ANAHEIM — It was a fine Thursday afternoon in mid-June, yet throughout Disney's new California Adventure theme park, the crowds at best were modest in size, even thin. Except at the most popular attractions--the "Soarin' Over California" ride, the "California Screamin" roller coaster--lines tended to be short, when there were any lines at all. There was an off-season feel to the place, something like Palm Springs in August, maybe, or Yosemite in late February.
"I don't know why it's not busier today," a woman with a German accent remarked to the teenager working behind the counter at the Pacific Wharf Cafe.
The counter attendant did not respond at first. She appeared to be scrolling mentally through a training manual list: Appropriate Cast Member Responses to Guest Comments about SPARSE CROWDS.
Finally, she brightened and, with a winning smile, said only:
"It's such a nice day!"
And with that, she turned away to fetch another adventure meal.
Nice or no, the early days have not been exactly bonanza ones for California Adventure as the Disney Imagineers imagined it. The $1.4-billion park, set on 55 acres next to the original Disneyland, opened in early February with, as a Times report described it, "signature fireworks but unimpressive crowds." Only 3,000 California adventurers were waiting when the gates opened, a quarter of what had been expected.
In the months since, analysts who track such matters have reported daily crowds in the 9,000 to 12,000 range--significantly below the 19,000-a-day average Disney had anticipated. Explanations abound. A softening economy has been blamed, along with the weather and steep admission prices--$43 for adults, $33 for children ages 3 to 9--for what is a relatively small park.
Disney officials have countered that California Adventure should be judged, not in isolation, but as part of a larger push by the mouse high command to convert its Anaheim outpost into a multi-day resort destination--with a new luxury hotel and shopping district, in addition to the two amusement parks. They have expressed confidence that things will pick up for California Adventure in the summer, and maybe they will.
And then again, maybe they won't.
The fundamental premise always has seemed a bit strange to me. Without benefit of Disney market research, which no doubt was extensive, it's difficult to conjure up a natural clientele for a theme park version of California set smack dab in the middle of California itself. Certainly Californians know that the real thing--Sierra waterfalls, beach boardwalks, breathtaking coastline, whatever--are within relatively easy striking distance. Why settle for Michael Eisner's knockoff?
And as for out-of-state visitors, what are they to make of the experience? After a few hours in the park last Thursday, the Golden Land boosterism on display everywhere began to seem over the top even to me, a shameless California chauvinist. How would it play for someone from, say, Topeka?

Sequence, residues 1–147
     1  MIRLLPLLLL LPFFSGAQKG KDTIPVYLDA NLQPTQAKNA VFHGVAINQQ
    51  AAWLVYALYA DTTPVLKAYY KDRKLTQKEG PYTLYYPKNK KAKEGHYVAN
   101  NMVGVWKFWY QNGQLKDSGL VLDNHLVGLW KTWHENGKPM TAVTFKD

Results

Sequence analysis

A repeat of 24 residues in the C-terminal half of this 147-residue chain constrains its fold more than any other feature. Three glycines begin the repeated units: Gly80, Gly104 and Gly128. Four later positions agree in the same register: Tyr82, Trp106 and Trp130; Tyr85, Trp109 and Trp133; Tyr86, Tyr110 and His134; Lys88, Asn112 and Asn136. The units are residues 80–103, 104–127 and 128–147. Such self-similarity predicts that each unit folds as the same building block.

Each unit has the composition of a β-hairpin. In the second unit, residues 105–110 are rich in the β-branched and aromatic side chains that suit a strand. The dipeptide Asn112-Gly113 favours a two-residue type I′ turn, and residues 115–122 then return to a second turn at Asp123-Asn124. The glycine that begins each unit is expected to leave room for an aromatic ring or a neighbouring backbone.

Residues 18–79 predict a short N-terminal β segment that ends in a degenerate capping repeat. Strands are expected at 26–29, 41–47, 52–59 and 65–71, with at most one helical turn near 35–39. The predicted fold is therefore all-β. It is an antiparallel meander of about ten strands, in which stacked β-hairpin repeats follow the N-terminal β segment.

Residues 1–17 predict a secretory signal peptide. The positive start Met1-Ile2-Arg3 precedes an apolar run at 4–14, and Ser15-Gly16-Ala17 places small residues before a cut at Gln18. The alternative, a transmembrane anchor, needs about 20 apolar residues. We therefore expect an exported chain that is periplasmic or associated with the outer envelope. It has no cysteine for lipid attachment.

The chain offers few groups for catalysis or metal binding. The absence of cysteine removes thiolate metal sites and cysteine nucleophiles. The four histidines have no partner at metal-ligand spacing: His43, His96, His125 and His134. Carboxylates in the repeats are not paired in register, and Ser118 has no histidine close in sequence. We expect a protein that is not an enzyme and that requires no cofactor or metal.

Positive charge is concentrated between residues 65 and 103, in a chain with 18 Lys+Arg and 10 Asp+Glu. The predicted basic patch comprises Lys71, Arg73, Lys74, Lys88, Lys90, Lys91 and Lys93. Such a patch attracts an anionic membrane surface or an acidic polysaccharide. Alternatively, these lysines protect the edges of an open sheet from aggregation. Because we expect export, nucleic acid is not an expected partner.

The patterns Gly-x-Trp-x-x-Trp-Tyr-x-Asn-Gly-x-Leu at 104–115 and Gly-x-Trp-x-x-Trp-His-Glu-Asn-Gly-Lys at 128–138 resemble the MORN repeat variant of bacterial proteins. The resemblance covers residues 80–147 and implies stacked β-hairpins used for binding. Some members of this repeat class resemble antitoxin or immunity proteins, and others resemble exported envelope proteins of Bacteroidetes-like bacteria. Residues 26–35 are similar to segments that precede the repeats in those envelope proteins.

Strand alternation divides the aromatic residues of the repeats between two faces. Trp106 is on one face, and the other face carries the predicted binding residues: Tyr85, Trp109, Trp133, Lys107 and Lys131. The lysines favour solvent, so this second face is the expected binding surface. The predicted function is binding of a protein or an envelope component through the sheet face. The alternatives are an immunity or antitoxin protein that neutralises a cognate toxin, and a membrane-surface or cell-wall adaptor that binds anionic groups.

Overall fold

How would such a visitor react, for example, to the crop displays in Bountiful Valley, each bearing informative signs that boast of California's agricultural dominance? Would the Kansan care that California ranks seventh among states in the cultivation of dry beans; that it grows 17% of the nation's sweet corn; that "Cowlifornia," as one marker noted, "is the nation's number one dairy state"?
And that big billboard on Paradise Pier, the one bragging about "another day in paradise," how would that sit with a tourist who had spent an hour fighting I-5 traffic to reach the joint? And what about the tortilla-making and bread-baking "attractions"--honest, they exist--would they make that $43 admission seem a bargain at twice the price for our man from Topeka?
I pondered such questions at visit's end, while waiting in the "Golden Dreams" theater for the start of a film tribute to the California dream or, as narrator Whoopi Goldberg took to calling it, simply "The Dream."
"The Dream," said Goldberg, cast in the role of the mythical Queen Califia, "has always been there. . . ."
There were only a few dozen people in the audience, and plenty of empty seats. They sat in polite silence through a series of high-gloss vignettes that visited all the obvious touch points of California lore. Prayerful padres were followed on the screen by plucky miners, and brave Chinese laborers, and savvy movie moguls, and stoic Dust Bowl refugees, and so on down history's lane. The production ended with a soaring ballad--something about dreams--and an invitation, or challenge even, from Queen Califia.
"You got a dream? Bring it on!" her golden highness beckoned. "Because this is the place!"
With this, though, the crowd did not rise to its feet and belt out a spontaneous round of "California Here We Come." No caps, or mouse ears, were hurled into the air amid whoops and huzzahs. A few people half-heartedly brought their hands together, clap, clap, oh why bother?, clap.
Most quietly gathered up their souvenir bags and, wearing the expressions of dinner guests who have just been forced to endure a showing of the host's vacation slides, they shuffled out of the theater and into the bright sunshine, the bright California sunshine, the sunshine of golden dreamers. . . .